High-flying: jobs and the air transport industry

The air transport industry is currently a major contributor to global GDP and, by 2032, Oxford Economics estimates that the air transport industry’s contribution to global GDP will grow to $5.8 trillion. Only in 2012, the industry contributed $2.4 trillion to global GDP. This means that if aviation were a country it would be comparable to Switzerland, creating 3.4% of global GDP.

Some of the key findings of the Aviation: Benefits Beyond Borders report released at the Summit have to do with employment around the world. The report was presented by ATAG executive director Michael Gill in this presentation:

Naturally, this revenue is directly linked to the creation of employment: air transport provides 8.7 million jobs, the civil aerospace sector provides 1.2 million and airports provide a further 4.6 million jobs on-site. But what exactly is the range of jobs provided by the aviation industry? What is out there beyond the technicians and engineers that work on aircraft and engines, the air traffic controllers, the ground handlers, the customer service personnel and caterers, to name but a few?

Being the innovative and dynamic industry it is, air transport requires a highly-skilled workforce. Compared to the economy as a whole, the value-added per employee in the air transport sector generates 3.6 times as much value-added per employee. The industry also passes this value on to the next generation, benefiting communities around them with new skills and work experience. In addition to providing jobs and better skills, air transport benefits from research and development even more significantly than from manufacturing. Research shows that for every $100 million spent on R&D, an additional $70 million is generated in the economy year after year.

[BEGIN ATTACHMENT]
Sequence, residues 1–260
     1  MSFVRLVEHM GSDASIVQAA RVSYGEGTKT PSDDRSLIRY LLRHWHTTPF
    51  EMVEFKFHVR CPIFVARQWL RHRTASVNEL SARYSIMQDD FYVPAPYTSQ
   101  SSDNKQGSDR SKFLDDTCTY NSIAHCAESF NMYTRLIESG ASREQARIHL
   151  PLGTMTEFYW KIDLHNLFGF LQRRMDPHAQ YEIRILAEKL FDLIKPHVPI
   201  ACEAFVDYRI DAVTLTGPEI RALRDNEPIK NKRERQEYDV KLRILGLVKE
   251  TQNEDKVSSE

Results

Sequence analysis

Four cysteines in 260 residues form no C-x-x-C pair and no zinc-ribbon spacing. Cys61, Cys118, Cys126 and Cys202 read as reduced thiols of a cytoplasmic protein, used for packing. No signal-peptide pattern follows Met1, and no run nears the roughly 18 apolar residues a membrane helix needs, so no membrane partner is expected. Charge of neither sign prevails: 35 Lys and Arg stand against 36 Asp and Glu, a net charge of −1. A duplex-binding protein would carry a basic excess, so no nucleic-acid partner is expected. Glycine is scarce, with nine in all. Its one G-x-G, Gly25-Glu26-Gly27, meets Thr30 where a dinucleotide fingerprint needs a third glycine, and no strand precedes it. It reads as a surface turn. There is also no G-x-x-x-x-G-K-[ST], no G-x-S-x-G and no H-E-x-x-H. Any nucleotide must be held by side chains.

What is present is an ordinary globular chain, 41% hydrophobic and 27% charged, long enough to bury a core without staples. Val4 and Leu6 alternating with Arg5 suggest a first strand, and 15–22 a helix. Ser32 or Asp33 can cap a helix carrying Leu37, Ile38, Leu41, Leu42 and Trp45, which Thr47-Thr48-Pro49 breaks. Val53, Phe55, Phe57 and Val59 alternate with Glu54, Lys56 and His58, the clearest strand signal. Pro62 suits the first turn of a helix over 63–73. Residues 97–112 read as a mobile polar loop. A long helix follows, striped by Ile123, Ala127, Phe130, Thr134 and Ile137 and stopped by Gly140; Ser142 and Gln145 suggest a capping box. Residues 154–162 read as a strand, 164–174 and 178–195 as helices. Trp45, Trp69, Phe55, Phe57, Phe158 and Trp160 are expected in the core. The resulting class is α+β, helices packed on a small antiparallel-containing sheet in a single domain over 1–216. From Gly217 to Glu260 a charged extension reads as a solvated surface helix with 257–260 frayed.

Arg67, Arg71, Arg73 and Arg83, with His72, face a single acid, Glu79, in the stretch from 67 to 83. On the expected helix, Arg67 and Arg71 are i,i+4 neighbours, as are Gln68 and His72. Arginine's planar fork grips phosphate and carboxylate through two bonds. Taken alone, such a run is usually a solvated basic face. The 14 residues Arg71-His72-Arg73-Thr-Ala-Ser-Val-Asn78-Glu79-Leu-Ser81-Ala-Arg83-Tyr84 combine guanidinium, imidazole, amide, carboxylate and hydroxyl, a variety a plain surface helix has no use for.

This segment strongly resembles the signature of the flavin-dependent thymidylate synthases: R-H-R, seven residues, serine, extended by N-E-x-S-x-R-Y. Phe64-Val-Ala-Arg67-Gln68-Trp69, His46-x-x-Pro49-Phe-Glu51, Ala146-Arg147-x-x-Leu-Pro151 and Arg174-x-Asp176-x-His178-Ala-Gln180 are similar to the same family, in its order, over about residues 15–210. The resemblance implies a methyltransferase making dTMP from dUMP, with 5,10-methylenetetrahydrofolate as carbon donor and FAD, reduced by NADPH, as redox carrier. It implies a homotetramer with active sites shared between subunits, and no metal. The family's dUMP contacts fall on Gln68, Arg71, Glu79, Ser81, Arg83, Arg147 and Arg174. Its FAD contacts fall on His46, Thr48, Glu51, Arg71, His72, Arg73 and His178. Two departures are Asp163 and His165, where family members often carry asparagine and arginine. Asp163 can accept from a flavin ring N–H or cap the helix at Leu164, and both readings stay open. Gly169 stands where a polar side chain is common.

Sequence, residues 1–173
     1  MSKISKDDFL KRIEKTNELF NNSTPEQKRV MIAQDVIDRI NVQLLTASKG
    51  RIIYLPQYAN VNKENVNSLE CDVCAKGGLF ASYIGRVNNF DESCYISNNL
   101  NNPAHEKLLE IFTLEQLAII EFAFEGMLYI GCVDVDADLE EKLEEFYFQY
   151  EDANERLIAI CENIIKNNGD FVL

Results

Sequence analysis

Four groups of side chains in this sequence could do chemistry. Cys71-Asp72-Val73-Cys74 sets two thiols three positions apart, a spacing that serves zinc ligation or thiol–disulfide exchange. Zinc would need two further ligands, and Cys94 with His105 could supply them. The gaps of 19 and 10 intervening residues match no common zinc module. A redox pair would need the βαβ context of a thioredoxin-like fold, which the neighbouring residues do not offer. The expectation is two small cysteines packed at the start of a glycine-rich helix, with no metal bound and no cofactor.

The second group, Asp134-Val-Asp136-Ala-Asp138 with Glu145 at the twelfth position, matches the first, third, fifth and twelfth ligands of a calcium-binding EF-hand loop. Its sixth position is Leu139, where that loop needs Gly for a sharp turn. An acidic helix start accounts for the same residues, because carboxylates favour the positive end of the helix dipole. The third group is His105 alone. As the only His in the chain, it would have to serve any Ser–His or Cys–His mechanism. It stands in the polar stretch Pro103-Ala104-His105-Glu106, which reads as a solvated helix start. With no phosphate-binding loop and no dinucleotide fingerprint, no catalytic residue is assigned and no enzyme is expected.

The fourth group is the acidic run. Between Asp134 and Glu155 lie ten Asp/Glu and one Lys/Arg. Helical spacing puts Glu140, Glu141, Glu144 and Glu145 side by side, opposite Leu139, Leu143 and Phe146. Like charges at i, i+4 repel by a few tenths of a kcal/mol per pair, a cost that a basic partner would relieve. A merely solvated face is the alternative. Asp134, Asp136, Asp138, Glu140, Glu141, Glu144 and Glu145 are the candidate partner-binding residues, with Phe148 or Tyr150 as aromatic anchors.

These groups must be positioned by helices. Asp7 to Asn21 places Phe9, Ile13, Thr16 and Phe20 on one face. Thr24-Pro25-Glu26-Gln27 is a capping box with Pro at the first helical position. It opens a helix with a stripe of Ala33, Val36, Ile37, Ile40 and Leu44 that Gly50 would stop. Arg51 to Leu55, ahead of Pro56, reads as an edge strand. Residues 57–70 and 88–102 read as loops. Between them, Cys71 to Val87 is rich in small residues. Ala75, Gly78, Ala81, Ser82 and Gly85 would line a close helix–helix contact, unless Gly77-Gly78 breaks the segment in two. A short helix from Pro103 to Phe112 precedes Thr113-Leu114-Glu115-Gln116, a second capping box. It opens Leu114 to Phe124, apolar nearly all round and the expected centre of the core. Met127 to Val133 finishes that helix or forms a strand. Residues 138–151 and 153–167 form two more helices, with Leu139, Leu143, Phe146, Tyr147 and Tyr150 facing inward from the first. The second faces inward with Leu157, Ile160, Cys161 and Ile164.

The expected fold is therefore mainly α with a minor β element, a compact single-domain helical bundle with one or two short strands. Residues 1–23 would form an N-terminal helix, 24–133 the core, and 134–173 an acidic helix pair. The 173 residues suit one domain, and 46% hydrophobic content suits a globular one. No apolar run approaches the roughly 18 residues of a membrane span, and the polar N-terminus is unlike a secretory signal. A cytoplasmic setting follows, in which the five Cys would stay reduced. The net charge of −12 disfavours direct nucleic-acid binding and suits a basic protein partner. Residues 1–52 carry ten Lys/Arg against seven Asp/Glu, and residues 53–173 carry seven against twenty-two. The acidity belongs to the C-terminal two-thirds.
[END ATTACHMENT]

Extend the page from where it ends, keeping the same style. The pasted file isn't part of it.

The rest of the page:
So how is the industry dealing with transfer skills? British Airways, for example, recruits 120-200 apprentices every year in fields such as engineering, IT, operations and project management amongst other areas. Moreover, last year, Embraer’s Specialist Education and Research Institute opened a new unit of the Embraer High School with a $2.5 million investment from Embraer. This unit is complementary to the São José dos Campos unit which has been helping more than 2000 students graduate since 2002. Likewise, both Boeing and Airbus operate robust and well-established apprenticeship and intern programmes.

In terms of the employment environment, air transport is taking several steps towards modernising and diversifying. Lufthansa recently announced that it had redesigned two departments in the Lufthansa Aviation Centre in Frankfurt to adopt a more flexible work model. The trial seeks to adopt a ‘workspace of the future’, allowing employees to get a better balance between home and work. Similarly, Aircraft manufacturer Airbus introduced the GEDC Airbus Diversity Award in 2013 to recognise individuals who bring more diversity into the engineering field. In addition, to strengthen and promote diversity in its workforce, Boeing has established seven affinity groups based on shared aspects such as gender, race, or cultural identity to further personal and professional development as well as facilitating networking within the company.

These employment strategies benefit more than hotels, airlines, airport handlers and researchers, as the air transport industry builds the majority of its infrastructure generating jobs in construction, engineering, architecture and more. Overall, these initiatives make air transport a valuable part of the global economy, both as a contributor and as an employer.